To celebrate the year 2012, these Paris-based culinary provocateurs and advocates of "100% young cuisine" have embarked upon a world tour encompassing 12 cities.  Brussels, Copenhagen, Geneva, Istanbul, Moscow, New York, Paris, Rio, San Francisco, Shanghai, Sydney, and, yes, Montreal.  The road show pulls into town on August 16, and the next four days will amount to an intercontinental culinary powwow of the highest magnitude featuring 18 cooking & wine demos, 5 Maudits Soupers, and 1 major bash.  The dinners will take place all over town, but the base of operations and the site of both the demos and Omnivorious, the chef- and DJ-driven extravaganza that will likely be the highlight of the series, will be the Société des Arts Technologiques/FoodLab.

Most of our favourite Montreal food and wine people will be participating, but the series is meant to put these New World practitioners of "100% young cuisine" in conversation with some of their Old World counterparts.  As a result, it will also include a number of notable European talents, such as Gregory Marchand of Frenchie (Paris), Peter Nilsson of La Gazzetta (Paris), and Jérôme Bigot of Les Grès (Lindry, Burgundy).

Michelle will be doing overtime that week, giving a demo on August 19, cooking a Maudit Souper with Seth Gabrielse and Jérôme Bigot, and playing a central liaison role throughout the entirety of Omnivore Montreal.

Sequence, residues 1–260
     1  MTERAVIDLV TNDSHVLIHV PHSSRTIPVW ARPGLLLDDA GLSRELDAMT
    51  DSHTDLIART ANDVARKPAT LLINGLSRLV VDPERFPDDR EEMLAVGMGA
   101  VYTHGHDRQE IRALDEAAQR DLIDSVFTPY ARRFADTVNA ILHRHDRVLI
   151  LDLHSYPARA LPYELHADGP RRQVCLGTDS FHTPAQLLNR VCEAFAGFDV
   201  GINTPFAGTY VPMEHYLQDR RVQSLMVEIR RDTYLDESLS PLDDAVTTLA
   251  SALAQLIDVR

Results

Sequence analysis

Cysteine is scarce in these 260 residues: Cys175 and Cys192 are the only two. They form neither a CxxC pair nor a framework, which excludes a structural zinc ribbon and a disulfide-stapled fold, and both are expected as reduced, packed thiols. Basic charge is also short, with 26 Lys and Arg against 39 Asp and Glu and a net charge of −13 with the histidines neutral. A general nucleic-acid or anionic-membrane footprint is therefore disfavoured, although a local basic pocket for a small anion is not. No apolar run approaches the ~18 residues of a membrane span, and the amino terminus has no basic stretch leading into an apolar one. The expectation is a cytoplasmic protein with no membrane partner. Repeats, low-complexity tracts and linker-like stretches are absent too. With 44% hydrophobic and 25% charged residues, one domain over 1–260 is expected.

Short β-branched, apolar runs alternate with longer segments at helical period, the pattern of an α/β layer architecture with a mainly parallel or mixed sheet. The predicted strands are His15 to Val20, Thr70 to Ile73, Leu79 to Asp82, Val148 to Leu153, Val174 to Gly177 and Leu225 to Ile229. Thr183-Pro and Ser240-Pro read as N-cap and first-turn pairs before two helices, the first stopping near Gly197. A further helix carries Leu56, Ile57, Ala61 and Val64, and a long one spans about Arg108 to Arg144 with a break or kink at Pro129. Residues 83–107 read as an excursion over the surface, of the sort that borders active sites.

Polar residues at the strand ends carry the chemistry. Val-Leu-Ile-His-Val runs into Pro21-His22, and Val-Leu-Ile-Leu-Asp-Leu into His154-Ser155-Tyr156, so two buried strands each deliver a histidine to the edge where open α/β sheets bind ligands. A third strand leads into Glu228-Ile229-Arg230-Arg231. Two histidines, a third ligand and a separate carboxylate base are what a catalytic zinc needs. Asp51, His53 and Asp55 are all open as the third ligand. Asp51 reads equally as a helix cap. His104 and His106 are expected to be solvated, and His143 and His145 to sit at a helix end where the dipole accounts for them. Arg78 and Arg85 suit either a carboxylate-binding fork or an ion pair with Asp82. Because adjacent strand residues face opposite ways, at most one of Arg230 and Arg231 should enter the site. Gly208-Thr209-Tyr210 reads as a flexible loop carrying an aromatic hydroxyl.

The thing is, the line-up is so good and the prices are so reasonable, that you might just want to take in the whole maudite thing.  You can catch demos by Patrice Demers (Les 400 Coups), Alex Cruz and Derek Dammann (Société Orignal), Stéphanie Labelle (Rhubarbe), Samuel Pinard (La Salle à Manger), Cyril Kérébel (La QV), Michelle (!), and many other stars of the Montreal culinary scene, in addition to all the distinguished European guests, and prices are just $40 per day, or $100 for the full-three day demo schedule.  Prices for the Maudits Soupers have yet to be announced, but I've been told that you can expect remarkable value, and, in the meantime, you can find the whole schedule and the numbers to call for reservations here.  And, finally, a ticket for Omnivorious will only set you back $40, and it includes a drink, special canapés prepared by a Dream Team of contemporary chefs (Patrice Demers and Marc-André Jetté, the Grumman 78 crew, Petter Nilsson, Samuel Pinard, Simon Mathys, Gita Seaton, Jérôme Bigot, Martin Juneau, and John Horne!), and a whole mess of other entertainment that's guaranteed to derange the senses.